When faith and medicine collide

Updated: 2006-12-27 10:16

CHICAGO - Any nurse can walk into a bad situation. The one Luanne Linnard-Palmer can't forget came as she readied a little boy for a blood transfusion only to be told by his mother "You know you're damning his soul to hell!"

The child's mother was a Jehovah's Witness, a faith that rejects blood transfusions. Her son had sickle cell anemia and had become extremely weak.

"It blew me away," Linnard-Palmer recalls years later. "I worried not only about my own reaction but what was going to happen to this child with a lifelong disease."

The incident planted the seeds for a newly published book by the California nurse, "When Parents Say No: Religious and Cultural Influences on Pediatric Healthcare Treatment," published by Sigma Theta Tau International.

In the case that was seminal to the book, doctors went to court and got a four-hour guardianship of the child so they could carry out the transfusion against his mother's will.

The boy went home after the transfusion and the nurse who had been so affected by the case has no idea what happened to him after that.

"American families move, change jobs. There are no longitudinal studies looking at this, at what happens the next time they receive medical care," she said in an interview.

The challenges she recounts are both religious and cultural.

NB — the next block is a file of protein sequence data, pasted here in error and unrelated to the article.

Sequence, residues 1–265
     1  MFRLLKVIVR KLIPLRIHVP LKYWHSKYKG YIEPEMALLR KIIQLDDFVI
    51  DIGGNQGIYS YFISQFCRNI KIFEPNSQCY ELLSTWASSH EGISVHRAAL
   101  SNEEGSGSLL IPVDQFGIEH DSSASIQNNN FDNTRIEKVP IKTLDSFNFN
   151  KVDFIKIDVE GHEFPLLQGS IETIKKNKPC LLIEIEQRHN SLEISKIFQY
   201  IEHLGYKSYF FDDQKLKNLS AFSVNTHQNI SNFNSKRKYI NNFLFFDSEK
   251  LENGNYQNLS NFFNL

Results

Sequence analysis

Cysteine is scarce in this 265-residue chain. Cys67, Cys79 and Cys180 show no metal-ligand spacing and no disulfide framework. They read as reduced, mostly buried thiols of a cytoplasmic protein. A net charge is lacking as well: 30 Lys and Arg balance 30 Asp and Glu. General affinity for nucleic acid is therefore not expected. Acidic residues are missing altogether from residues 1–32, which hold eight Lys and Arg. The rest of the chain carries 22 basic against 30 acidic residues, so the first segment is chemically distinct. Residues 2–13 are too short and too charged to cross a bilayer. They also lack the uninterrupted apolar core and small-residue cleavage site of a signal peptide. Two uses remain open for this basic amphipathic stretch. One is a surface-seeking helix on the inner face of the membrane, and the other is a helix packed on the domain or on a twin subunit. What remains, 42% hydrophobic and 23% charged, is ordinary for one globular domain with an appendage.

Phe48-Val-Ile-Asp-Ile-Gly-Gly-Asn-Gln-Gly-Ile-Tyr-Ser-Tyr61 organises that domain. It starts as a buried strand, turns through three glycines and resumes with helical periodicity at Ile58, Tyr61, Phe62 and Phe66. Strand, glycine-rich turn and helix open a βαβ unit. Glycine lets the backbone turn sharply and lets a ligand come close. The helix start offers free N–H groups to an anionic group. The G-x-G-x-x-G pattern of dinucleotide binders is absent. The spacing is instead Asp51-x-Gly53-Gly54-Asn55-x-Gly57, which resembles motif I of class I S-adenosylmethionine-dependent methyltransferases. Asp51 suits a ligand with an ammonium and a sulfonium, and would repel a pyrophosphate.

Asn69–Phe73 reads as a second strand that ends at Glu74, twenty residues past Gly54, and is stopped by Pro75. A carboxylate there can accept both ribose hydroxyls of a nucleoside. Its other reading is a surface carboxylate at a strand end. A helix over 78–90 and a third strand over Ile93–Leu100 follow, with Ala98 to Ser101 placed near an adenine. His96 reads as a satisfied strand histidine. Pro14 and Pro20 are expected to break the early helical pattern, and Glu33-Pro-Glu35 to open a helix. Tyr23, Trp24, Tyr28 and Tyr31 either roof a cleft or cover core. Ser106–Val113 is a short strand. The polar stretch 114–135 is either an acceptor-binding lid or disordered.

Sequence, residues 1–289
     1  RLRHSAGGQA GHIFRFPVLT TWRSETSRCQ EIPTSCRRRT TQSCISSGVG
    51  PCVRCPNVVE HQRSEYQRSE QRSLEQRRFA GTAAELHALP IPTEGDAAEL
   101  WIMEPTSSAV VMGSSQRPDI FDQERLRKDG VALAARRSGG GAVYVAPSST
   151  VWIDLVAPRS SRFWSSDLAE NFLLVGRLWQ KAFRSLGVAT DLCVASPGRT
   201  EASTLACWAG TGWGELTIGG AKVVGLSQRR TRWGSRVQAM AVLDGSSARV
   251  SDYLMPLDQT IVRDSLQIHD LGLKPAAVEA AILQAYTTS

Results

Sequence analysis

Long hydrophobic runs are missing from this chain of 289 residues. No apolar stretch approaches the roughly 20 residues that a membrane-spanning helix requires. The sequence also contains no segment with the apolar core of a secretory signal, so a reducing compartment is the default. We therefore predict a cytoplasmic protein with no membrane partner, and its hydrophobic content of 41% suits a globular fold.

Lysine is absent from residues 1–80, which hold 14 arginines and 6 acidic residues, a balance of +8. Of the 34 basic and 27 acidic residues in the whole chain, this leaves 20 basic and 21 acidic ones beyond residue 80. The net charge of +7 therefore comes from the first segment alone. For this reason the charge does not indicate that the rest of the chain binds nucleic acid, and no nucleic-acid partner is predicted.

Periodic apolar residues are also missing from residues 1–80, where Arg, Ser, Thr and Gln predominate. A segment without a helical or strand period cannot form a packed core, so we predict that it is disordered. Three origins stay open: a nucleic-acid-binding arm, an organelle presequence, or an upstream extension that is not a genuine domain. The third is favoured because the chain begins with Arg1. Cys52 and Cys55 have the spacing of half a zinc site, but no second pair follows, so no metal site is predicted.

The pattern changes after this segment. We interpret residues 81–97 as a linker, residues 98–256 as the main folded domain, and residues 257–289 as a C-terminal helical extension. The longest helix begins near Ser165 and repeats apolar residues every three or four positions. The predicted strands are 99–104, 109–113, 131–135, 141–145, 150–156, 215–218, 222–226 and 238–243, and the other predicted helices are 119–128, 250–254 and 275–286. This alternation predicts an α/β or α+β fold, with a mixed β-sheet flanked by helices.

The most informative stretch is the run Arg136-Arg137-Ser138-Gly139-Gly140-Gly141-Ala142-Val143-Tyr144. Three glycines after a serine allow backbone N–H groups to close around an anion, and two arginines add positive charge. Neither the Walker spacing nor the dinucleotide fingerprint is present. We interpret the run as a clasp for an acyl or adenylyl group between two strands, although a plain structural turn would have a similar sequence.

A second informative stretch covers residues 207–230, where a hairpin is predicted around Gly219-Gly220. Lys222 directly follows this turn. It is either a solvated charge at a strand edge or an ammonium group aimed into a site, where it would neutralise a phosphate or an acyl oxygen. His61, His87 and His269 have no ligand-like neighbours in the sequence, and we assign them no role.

A 14-year-old Muslim girl with severe burns on her arm from a cooking oil spill was recovering after surgery until her parents heard the surgeon talk about a graft made with pig skin. They demanded it be removed and the girl was ultimately left with almost no function in her lower arm.

A preteen girl with a large and rapidly growing neck tumor was recommended for immediate chemotherapy but her family said they needed three to five days to pray with their Christian congregation beforehand. After officials threatened to take guardianship of the child, she was brought back for treatment after just one day.

"But the family had been willing to risk, not maybe death, but the need for immediate treatment in order to fulfill their duties spiritually," Linnard-Palmer said.

"Just recently we had an Hispanic mother who said through interpreters.

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